3. I suddenly feel so much better about the weather here in Massachusetts! I’ve actually been seeing grass lately…until today, a bit of snow is falling along with some rain. Your spring will come, too!!!

    Grass? Lucky you. Nothing like that in these parts, yet. But I know that we’ll be seeing ours, too, and in less than a month. Kind of astonishing how quickly it clears once it starts.

    Comment by Patti | March 19, 2008 | Reply

  4. I’m looking at our move into cold rain and freezing rain as a victory because it means that hey! It’s not snowing today! And it in facts help batter down the mountains of accumulated snow a bit, which is very heartening. I am so, so done with winter.

    Have you heard in Toronto about what’s going on in Quebec? Schools have been closed because, with the rain falling into the sponge-like snow, roofs (rooves? no, roofs. meh. they both look weird) ANYway… They’ve been collapsing! But only in Quebec, which has people wondering about building standards. There was one school in which they found they couldn’t open the doors, but once the roof had been shovelled off, the doors would open! Yes, indeedy.

    We were hearing about roofs collapsing under the weight, and how the rain would only make it worse, and I was getting nervous for our poor old house with it Mansard (read, flat on top) roof. Even though I now know it’s specific to a certain region, I’m still going to be happiest when it’s gone!

    Comment by kittenpie | March 19, 2008 | Reply

  5. I’m with Patti. Even better here in the midwest, we’ve had rain for 3 days and floods all ’round, but the daffodils are peeking their green blades up through the dead leaves in my backyard. It must be on its way. It must.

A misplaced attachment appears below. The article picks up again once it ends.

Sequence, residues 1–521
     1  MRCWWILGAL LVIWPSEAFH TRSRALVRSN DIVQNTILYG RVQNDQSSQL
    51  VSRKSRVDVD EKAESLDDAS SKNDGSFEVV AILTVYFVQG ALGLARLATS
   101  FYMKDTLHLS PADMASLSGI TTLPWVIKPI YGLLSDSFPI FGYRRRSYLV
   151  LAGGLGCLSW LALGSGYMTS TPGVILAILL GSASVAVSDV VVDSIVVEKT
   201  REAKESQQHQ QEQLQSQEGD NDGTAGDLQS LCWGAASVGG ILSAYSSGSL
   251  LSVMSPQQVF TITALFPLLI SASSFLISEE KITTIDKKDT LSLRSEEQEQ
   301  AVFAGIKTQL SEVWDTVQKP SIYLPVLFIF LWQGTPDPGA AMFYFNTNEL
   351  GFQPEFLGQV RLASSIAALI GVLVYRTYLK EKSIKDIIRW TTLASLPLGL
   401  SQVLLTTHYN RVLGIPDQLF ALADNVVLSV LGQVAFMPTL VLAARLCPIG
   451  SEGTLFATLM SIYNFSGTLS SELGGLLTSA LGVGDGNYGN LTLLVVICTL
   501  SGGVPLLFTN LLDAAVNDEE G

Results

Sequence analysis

At this stage of the game, I go by the calendar. The latest snowfall we’ve ever received is April 16. So my personal “start-of-spring” day is April 17. Of course, that April 16 snowfall was LAST YEAR! Before that, my personal SOS (sos, heh) date was April 12! Booo… Let’s hope we don’t set ANOTHER record this year.

    Comment by Bridgett | March 19, 2008 | Reply

  6. Oh.My.God. I have never seen anything like it. I’ll stay in Atlanta, thank you.

    And I wish upon you crocus and daffodils. Very soon.

    Crocus and daffodils will come! In mid – late April. But thanks for the good wishes!

    Comment by Jill | March 19, 2008 | Reply

  7. Ha, I don’t feel bad about our Michigan winters anymore. I’ve never seen snow removal like that! (I read your other post describing the process – how neat! I can NEVER imagine the gov’t paying for that around here though.)

    Isn’t it just so cool? My husband took those pictures, realizing that there were lots of people who’d never have seen anything like it!

    If your gov. won’t pay for it, it’s because they have a choice. Here, if we didn’t do this periodically, the streets would be quite literally impassible. That top pic, of my street — it was completely cleared of snow less than a month earlier. Can you imagine if it hadn’t been cleared since the first snowfall in December?? There would be no street. At all.

    This isn’t exactly a “Canadian thing”. I’ve lived in several Canadian cities. Ottawa is the first I’ve lived in that needed to do it on any but the expressways.

    Comment by BookMama | March 19, 2008 | Reply

  8. Wow, it doesn’t snow here. The coldest it’s ever been here was 0 degrees Fahrenheit. That’s like -17 Celsius.

    Of course, the hottest it’s ever been was 111 degrees (43 Celsius?) And it is often 101.

    You are so lucky.

    -17C is certainly cold enough for snow, even if it’s just a one-time thing. Guess you just didn’t get the temperature with the right combination of other factors.

    I sure wouldn’t want to suffer heat like that — any more than I enjoy the snowbound winters here, though. I have the snow, you have the heat. I don’t think that makes either of us lucky… but isn’t it cool the way the weather gives total strangers something to talk about??

    Comment by Unlucky | August 6, 2008 | Reply

  9. […] to the side, making snowbanks. But eventually, those snowbanks get so large that the road becomes a mere track for a single car. So every so often the city sends out ALL THE TRUCKS! (So that we can go from the picture in that […]

    Pingback by Something exciting this way comes… « It’s Not All Mary Poppins | February 8, 2012 | Reply